I then offered to live single; never to marry at all; or never but with their full approbation.

If you mean to show your duty, and your obedience, Clary, you must show it in our way, not in your own.

I hope, madam, that I have not so behaved hitherto, as · to render such a trial of my obedience necessary.

Yes, Clary, I cannot but say that you have hitherto behaved extremely well: but you have had no trials till now : we have hitherto rather complied with you, than you with us. Now that you are grown up to marriageable years, is the test; especially as your grandfather has made you independent, in preference to those who had prior expectations upon that estate.

Madam, my grandfather knew, and expressly mentions in his will his desire, that my father will more than make it up to my sister.

I am loth to interrupt you, Clary; though you could more than once break in upon me.

I beg your pardon, dear madam, and your patience with me on such an occasion as this. If I did not speak with earnestness upon it, I should be supposed to have only maidenly objections against a man I never can endure.

How now, Clary !-O girl !

Your patience, my dearest mamma :-you were pleased to say, you would hear me with patience. —Person in a man is nothing, because I am supposed to be prudent: so my eye is to be disgusted, and my reason not convincedGirl, girl!

Thus are my imputed good qualities to be made my punishment; I am to be wedded to a monster. And that I may be induced to bear this treatment, I am to be complimented with being indifferent to all men: yet, at other times, and to serve other purposes, be thought prepossessed in favour of a man against whose moral character lie just objections.—Confined, as if, like the giddiest of creatures, I would run away with this man, POL 12le wait often Ciart, if Tut might be obged is 4.11€ po I gue5106-Are Tju reais in earnest, were tre w suupata with, to break off air correspodence with X: Lotium. -Let me koow this.

lugsti I 21 ; and I will You, madan, shat see ai] Siste innlent tirat lave passed between us. You sta see I LEER TIL 5:19 enojuragement.

J *yr at vor word, Clarissa-Give me his letters;

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, berat might see, that I had no reserves to my ABST.

frysed , and took all his letters, and the copies of si l londitioned with, she was pleased to say, they Disser for you again, unseen by anybody else.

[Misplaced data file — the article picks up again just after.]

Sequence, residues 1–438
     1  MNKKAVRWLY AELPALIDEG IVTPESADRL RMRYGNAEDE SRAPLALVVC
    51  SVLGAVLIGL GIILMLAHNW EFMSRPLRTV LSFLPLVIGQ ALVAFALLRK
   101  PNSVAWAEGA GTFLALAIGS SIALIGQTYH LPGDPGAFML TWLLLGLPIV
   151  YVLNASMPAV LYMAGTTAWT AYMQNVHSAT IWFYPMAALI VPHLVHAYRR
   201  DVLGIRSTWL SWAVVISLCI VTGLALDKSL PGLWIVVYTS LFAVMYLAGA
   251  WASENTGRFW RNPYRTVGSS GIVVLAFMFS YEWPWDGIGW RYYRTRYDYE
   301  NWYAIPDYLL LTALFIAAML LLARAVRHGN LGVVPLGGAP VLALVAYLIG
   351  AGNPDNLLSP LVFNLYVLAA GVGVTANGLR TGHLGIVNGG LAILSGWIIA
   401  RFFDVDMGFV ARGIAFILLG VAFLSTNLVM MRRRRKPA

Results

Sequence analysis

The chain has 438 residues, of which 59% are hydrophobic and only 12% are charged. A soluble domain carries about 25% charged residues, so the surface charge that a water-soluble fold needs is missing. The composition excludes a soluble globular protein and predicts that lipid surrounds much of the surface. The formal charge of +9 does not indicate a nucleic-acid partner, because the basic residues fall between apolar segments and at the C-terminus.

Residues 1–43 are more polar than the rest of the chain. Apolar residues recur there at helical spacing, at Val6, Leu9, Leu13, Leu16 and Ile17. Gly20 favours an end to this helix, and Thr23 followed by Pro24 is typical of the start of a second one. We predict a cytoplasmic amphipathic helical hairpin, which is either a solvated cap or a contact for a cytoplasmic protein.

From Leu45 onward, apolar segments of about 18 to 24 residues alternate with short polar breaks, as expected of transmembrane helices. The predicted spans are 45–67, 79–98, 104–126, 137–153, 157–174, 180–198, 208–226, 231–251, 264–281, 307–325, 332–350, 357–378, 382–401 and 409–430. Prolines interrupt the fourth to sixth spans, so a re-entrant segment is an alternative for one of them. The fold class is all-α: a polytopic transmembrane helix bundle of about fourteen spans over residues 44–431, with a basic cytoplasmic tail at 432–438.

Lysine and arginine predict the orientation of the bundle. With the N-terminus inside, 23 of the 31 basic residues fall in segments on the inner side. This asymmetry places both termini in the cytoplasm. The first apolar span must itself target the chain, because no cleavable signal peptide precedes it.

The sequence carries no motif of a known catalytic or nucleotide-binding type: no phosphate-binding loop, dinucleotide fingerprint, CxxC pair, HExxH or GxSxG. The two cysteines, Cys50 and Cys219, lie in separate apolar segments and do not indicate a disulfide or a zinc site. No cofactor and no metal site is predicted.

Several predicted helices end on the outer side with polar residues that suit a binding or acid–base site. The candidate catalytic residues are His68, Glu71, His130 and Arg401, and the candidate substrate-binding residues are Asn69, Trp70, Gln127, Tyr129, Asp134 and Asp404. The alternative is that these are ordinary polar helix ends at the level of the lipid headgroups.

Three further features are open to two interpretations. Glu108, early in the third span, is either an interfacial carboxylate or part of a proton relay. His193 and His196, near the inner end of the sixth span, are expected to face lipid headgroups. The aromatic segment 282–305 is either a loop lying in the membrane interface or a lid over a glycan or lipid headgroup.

I taska ber; and she withdrew to read them; saying, D wud return them, when she had.

Ju aburt an hour my mother returned. Take your lang, Ciary: I have notbing, she was pleased to say, to tot your dimetion with, as to the wording of yours to tuia. you have even kept up a proper dignity, as well as «Amervan all the rules of decorum ; and you have resented, ** yoti ought to resent, his menacing invectives. In a wurd, I was Duost, that he can form the least expectations irm what you have written, that you will encourage the pasnim be avows for you. But does he not avow his prasion? Have you the least doubt about what must be the issue of this correspondence, if continued ? And do yon yourwölf think, when you know the avowed hatred of

ne side, and the declared defiances of the other, that this can be, that it ought to be a match ?

will be pleased to

madam, that it have said as much

By no means it can, madam ; you will be pleased to observe, that I have said as much to him. But now, madam, that the whole correspondence is before you, I beg your commands what to do in a situation so very disagreeable.

Let me ask you, what you yourself can propose ? What, Clary, are your own thoughts of the matter ?

Without hesitation thus I answered—What I humbly propose is this :—“That I will write to Mr. Lovelace (for I have not answered his last) that he has nothing to do between my father and me: that I neither ask his advice, nor need it: but that since he thinks he has some pretence for interfering, because of my brother's avowal of the interest of Mr. Solmes in displeasure to him, I will assure him (without giving him any reason to impute the assurance to be in the least favourable to himself) that I never will be that man's.” And if, proceeded I, I may be permitted to give him this assurance; and Mr. Solmes, in consequence of it, be discouraged from prosecuting his address ; let Mr. Lovelace be satisfied or dissatisfied, I will go no farther; nor write another line to him ; nor ever see him more, if I can avoid it; and I shall have a good excuse for it, without bringing in any of my family.